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New bill looks to save smartphone encryption from state bans

New bill looks to save smartphone encryption from state bans

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Photo by Kris Connor/ Getty Images

Rep. Ted Lieu (D-CA) and Rep. Blake Farenthold (R-TX) are introducing a bill today to effectively override bad state-level encryption bills. The ENCRYPT Act of 2016, or by its longer name, the Ensuring National Constitutional Rights of Your Private Telecommunications Act, would preempt state and local government encryption laws. The two men said today they are "deeply concerned" that varying bills surrounding encryption would endanger the country as well as the competitiveness of American companies. The argument is that it wouldn’t be easy or even feasible to tailor phone encryption capabilities for specific states.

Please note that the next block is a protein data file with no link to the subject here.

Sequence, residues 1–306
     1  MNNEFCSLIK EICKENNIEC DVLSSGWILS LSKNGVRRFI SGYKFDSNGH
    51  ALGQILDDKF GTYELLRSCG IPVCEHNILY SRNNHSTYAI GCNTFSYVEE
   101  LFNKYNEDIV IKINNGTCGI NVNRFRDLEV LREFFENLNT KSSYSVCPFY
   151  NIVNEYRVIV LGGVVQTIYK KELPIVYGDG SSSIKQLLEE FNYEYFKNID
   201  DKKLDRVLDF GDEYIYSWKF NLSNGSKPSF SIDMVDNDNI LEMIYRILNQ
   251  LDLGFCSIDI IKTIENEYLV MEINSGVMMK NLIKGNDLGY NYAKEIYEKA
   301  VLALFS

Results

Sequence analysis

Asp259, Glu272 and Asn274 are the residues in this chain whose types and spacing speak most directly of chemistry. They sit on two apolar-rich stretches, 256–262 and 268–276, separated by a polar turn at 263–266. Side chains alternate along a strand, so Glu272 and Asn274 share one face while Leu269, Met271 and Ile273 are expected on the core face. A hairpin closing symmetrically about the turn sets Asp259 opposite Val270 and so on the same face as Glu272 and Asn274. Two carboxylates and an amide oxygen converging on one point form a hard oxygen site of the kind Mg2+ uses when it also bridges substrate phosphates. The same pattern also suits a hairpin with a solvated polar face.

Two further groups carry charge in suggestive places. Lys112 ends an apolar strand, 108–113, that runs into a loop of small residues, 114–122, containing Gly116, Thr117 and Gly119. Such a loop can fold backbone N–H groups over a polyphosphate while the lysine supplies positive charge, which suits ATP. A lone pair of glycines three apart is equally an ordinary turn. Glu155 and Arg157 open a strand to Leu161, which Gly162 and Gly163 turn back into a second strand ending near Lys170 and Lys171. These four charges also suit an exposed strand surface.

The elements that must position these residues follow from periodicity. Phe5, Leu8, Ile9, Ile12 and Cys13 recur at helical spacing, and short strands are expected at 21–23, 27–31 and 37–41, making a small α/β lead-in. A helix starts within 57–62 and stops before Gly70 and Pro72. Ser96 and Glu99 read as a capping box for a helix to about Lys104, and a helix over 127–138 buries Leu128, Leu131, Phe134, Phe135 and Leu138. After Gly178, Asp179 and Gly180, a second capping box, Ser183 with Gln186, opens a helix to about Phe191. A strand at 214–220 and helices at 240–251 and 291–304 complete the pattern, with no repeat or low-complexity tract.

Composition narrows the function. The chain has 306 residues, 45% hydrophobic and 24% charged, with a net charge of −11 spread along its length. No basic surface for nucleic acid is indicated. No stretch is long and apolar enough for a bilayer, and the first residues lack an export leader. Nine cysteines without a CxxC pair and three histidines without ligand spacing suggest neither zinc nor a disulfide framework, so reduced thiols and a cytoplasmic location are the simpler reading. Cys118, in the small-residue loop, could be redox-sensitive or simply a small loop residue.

The catalyst for the new bill was the proposal of state-level bills in California and New York. Those proposals, which consisted of the exact same text, would ban smartphone encryption for phones sold in those states and fine manufacturers for each phone sold with secure disk encryption. While proposed by different state assemblymen — Jim Cooper in California and Matthew Titone in New York — they were both encouraged by local DA offices to bring the bills to their respective legislatures. Neither bill has made any forward movement and both have a long way to go before becoming law.

It wouldn’t be easy to tailor phone encryption capabilities for specific states

The ENCRYPT Act likely won’t be the only encryption bill Capitol Hill sees this year. Sen. Dianne Feinstein (D-CA), along with Sen. Richard Burr (R-NC), vowed to bring a bill imposing limits on encrypted devices to the Senate this year. But perhaps two other senators might beat them to the punch and introduce a bill that would establish a national commission to study encryption. Regardless of what bills come first, it looks like the encryption war isn’t ending any time soon. If anything, it’s only now heating up.